More on Clay Balls from PNW

Post by Dianna Woolsey, PSU Graduate Student and PNW clay/pottery project Research Assistant 

Last month Shelby posted about the remarkable spread of clay ball artifacts in both prehistoric and historic contexts, and the spread just keeps on spreading.  Two weeks ago I went to Lewis and Clark National Park in Astoria as part of our continuing research on PNW clay and ceramic technology.  There I looked through the park’s collection of clay artifacts recovered from the seasonal Chinook settlement known as Middle Village, on the north side of the Columbia River.  To my surprise, the collection consisted primarily of several hundred clay balls.

Middle Village clay ball artifacts (Wilson et al 2009:277)

Middle Village clay ball artifacts (Wilson et al 2009:277)

Some are smooth and spherical, some are roughly egg-shaped; some are hard fired clay, while others appear crumbly and unfired; they cover a range of grey, red, buff, and black colors; some are even coarse and sandy while others are smooth.  The one thing that is remarkably consistent about them is their size – except for one massive outlier, they’re all about the size of a pinky nail, too small to retain much heat for cooking.

As I was leaving the visitor center at the end of the day, I stopped and chatted briefly with a couple of park staffers about the research project.  I described the clay balls and their variety, and mentioned in passing that some of them appeared to be fired – at which one staff member, thinking of the balls as projectiles for hunting or warfare, asked me what they had been fired from.  It was an excellent question, as it turns out.  A 1950s ethnography of Northern California Pomo people describes clay balls as ammunition for shooting from slings: a small but heavy projectile, quickly made and easily replaced, perhaps comparable to modern lead bird shot.  We don’t have evidence that the clay balls at Middle Village were used for this purpose, but their apparently casual manufacture and the abundance of small game in the vicinity of the village make it another useful hypothesis for us to bear in mind.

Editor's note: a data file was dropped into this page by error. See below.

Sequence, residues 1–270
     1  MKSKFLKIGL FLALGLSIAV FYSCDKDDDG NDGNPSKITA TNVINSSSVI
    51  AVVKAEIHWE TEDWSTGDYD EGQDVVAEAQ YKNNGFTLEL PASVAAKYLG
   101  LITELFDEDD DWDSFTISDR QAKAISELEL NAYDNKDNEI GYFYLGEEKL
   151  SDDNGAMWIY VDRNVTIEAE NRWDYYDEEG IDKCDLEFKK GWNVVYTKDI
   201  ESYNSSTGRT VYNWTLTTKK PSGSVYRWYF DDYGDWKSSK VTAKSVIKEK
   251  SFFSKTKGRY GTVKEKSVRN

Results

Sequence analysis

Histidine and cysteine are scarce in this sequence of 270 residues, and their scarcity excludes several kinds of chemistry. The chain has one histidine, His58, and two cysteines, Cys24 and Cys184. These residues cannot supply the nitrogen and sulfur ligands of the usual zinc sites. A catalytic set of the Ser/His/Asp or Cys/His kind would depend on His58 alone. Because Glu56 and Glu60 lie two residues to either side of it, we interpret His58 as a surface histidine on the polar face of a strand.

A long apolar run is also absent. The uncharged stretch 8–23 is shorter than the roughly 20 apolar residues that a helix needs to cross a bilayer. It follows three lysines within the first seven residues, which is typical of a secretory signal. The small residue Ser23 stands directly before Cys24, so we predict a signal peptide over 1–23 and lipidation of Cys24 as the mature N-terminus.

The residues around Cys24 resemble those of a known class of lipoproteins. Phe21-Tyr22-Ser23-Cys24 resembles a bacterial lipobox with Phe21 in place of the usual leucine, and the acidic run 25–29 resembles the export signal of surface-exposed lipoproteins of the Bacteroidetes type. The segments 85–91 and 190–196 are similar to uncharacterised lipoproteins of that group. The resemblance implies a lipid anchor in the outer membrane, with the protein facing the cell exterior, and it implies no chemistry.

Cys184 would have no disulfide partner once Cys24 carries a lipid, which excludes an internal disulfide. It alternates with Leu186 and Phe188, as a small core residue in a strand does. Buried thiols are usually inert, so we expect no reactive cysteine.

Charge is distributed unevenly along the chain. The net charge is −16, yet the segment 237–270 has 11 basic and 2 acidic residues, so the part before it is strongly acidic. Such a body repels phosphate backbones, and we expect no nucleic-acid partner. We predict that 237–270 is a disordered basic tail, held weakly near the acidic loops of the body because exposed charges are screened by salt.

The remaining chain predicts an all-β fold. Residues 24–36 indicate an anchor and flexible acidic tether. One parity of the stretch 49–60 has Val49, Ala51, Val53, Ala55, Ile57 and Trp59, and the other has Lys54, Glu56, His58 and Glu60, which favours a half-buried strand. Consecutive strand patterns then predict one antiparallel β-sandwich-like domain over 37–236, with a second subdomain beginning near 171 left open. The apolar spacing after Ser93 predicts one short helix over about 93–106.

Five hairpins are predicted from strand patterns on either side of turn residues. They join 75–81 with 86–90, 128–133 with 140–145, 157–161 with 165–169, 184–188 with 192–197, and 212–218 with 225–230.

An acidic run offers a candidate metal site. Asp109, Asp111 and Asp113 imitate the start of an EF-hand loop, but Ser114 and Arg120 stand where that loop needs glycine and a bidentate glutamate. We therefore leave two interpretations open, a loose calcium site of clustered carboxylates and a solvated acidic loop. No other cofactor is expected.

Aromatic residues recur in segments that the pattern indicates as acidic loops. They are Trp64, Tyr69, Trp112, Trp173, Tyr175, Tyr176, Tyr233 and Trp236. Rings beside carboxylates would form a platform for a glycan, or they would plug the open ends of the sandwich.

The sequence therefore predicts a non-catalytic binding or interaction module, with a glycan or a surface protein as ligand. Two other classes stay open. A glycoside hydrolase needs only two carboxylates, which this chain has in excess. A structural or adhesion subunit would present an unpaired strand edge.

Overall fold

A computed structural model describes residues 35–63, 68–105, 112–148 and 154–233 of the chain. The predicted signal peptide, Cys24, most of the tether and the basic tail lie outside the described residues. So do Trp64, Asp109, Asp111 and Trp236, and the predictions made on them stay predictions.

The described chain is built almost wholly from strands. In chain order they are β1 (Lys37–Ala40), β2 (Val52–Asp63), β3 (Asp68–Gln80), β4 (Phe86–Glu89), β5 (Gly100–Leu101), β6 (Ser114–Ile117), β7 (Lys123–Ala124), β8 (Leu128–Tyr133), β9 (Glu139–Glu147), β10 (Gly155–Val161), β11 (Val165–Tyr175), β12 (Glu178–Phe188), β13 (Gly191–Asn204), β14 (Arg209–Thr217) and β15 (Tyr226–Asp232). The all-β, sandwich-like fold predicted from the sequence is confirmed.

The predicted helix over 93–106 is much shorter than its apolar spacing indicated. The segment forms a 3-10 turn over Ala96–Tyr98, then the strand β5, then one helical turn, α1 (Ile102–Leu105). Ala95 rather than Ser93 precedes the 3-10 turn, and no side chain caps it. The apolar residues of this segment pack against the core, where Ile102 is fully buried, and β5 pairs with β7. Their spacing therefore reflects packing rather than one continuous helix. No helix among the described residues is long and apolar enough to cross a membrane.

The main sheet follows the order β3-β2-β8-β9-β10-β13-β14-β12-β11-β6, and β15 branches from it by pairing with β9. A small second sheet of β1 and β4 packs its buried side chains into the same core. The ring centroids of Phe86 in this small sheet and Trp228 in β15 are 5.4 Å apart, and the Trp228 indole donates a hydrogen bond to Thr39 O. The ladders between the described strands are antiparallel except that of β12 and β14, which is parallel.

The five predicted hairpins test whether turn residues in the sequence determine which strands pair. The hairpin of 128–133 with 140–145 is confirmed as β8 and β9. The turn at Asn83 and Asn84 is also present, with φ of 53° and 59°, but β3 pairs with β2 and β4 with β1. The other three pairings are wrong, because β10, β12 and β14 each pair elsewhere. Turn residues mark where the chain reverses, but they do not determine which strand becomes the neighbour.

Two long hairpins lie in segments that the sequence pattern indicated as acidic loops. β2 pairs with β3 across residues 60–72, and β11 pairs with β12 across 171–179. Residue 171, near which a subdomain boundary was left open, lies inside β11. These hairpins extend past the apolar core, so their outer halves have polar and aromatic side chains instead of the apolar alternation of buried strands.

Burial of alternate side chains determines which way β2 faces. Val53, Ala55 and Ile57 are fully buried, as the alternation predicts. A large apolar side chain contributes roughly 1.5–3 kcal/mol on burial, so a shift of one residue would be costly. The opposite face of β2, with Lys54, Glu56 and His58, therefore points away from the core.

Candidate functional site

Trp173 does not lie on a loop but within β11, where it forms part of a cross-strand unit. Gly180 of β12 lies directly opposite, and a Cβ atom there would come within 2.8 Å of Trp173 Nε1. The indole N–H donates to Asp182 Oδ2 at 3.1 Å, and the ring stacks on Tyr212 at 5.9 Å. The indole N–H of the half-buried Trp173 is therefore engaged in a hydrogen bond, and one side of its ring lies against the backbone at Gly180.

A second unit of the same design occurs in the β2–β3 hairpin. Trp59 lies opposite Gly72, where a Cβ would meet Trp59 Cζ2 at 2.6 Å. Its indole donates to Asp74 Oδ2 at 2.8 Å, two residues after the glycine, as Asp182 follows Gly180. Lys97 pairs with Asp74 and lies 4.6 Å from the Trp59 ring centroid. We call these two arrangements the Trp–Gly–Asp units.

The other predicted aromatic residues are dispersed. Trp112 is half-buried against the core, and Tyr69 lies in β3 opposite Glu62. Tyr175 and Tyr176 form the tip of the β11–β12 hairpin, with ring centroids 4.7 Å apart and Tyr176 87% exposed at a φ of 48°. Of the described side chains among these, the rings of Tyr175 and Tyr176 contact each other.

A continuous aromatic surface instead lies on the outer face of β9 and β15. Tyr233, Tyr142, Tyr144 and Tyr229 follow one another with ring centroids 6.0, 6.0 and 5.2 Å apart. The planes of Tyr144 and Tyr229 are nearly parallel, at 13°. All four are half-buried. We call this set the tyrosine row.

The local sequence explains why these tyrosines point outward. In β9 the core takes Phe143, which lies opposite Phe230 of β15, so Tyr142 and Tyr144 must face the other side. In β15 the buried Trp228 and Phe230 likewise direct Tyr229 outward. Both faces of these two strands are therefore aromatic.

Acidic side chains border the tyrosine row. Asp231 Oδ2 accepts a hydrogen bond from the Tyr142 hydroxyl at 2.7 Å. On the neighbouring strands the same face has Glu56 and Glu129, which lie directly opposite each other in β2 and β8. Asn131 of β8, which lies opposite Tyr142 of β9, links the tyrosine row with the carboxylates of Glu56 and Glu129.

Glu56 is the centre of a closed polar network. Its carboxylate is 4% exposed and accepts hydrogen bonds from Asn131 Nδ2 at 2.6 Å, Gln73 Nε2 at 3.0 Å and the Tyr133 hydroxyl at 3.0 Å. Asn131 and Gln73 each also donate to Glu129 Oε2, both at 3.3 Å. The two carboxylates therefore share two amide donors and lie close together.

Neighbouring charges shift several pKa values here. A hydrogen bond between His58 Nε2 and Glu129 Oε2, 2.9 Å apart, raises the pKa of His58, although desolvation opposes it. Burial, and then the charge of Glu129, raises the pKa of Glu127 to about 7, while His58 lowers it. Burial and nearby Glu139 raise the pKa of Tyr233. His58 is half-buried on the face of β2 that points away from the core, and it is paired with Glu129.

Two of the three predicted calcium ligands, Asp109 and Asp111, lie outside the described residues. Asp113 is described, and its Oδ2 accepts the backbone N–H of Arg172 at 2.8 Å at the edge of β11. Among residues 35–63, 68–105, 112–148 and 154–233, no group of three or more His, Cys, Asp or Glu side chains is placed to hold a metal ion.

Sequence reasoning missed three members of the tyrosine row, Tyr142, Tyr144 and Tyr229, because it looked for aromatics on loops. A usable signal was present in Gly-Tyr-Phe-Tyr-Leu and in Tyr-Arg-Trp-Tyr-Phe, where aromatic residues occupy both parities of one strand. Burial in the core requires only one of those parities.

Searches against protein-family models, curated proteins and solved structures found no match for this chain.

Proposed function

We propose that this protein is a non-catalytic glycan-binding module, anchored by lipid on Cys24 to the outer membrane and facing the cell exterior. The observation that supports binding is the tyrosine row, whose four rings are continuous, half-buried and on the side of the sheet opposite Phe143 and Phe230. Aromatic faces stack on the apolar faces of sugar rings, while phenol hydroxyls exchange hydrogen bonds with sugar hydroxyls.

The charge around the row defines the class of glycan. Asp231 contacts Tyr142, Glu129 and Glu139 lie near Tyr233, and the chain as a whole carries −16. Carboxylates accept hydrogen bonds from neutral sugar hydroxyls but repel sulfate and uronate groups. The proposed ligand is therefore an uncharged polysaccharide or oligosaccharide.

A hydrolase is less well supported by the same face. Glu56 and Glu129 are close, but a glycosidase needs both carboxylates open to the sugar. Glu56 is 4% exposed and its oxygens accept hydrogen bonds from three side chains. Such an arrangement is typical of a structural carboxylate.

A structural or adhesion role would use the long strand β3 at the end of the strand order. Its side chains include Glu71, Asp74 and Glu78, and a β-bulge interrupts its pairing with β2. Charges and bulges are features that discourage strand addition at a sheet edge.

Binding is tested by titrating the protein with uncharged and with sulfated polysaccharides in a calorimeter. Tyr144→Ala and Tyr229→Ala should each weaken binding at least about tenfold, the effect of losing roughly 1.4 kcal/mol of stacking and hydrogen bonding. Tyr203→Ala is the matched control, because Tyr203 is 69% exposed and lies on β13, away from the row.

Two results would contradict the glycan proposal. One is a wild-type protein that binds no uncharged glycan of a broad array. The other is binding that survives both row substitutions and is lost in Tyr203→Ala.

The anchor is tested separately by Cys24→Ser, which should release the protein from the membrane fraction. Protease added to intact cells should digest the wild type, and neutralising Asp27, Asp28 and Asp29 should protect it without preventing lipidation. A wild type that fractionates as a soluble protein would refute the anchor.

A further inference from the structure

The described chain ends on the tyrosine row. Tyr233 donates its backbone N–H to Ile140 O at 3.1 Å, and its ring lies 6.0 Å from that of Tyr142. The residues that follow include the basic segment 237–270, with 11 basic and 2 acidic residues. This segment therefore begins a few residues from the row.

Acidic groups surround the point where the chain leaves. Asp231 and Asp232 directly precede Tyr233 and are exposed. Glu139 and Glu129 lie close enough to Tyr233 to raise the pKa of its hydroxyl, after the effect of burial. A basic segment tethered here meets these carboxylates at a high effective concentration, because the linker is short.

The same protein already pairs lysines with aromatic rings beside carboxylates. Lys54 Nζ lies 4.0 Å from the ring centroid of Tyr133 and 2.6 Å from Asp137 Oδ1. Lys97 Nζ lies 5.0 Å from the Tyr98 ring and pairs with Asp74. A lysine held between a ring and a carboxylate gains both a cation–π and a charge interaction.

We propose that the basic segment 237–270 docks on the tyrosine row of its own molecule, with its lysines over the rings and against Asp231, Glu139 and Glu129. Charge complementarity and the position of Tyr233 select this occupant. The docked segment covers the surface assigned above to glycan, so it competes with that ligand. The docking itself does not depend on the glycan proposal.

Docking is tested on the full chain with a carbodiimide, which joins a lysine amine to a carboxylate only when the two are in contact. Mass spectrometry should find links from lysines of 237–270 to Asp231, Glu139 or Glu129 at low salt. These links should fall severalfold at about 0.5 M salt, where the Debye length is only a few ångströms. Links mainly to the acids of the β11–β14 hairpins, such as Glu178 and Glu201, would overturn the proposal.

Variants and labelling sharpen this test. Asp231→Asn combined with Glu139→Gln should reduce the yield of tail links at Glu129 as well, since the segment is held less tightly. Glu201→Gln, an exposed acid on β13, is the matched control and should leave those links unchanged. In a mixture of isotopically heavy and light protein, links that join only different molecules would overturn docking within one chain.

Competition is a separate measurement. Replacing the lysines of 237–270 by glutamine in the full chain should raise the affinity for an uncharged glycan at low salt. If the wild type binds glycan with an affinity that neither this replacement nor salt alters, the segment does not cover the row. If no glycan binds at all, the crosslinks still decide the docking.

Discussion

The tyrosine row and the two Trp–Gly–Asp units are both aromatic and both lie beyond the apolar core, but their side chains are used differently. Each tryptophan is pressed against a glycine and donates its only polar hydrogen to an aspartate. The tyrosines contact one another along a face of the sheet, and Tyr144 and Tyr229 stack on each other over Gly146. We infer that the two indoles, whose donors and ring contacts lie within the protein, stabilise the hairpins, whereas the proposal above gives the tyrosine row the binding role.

Barrett, Samuel Alfred. 1980[1952]. Material Aspects of Pomo Culture. Bulletin of the Public Museum of the City of Milwaukee Vol. 20, Parts 1-2.  Milwaukee: Public Museum.

Wilson, Douglas C., et al. 2009. Historical Archaeology at the Middle Village: Station Camp/McGowan Site (45PC106), Station Camp Unit, Lewis & Clark National Park, Pacific County, Washington.  Northwest Cultural Resources Institute Report No. 1.  Vancouver: National Park Service.

3 thoughts on “More on Clay Balls from PNW

  1. my husband collected native american baskets and other artifacts –
    One of his entries says- Clay ball , Pomo – clay ball used with sling in taking water birds. clear lake Ca. Almquist collection pwt — are you familiar with this?

    • Interesting Glenda! I have heard of clay balls being used with various types of slings for hunting. I am not overly familiar with the archaeology of California, although I am working on developing my knowledge as part of this clay/ceramic project. There’s quite a bit out there about Pomo peoples (e.g. the wikipedia entry is informative).

  2. We found a clay ball at a bison processing site during this years field school in western Montana. It weighs 2.36 grams and is 14.86 mm in diameter. Have no idea as to its purpose.

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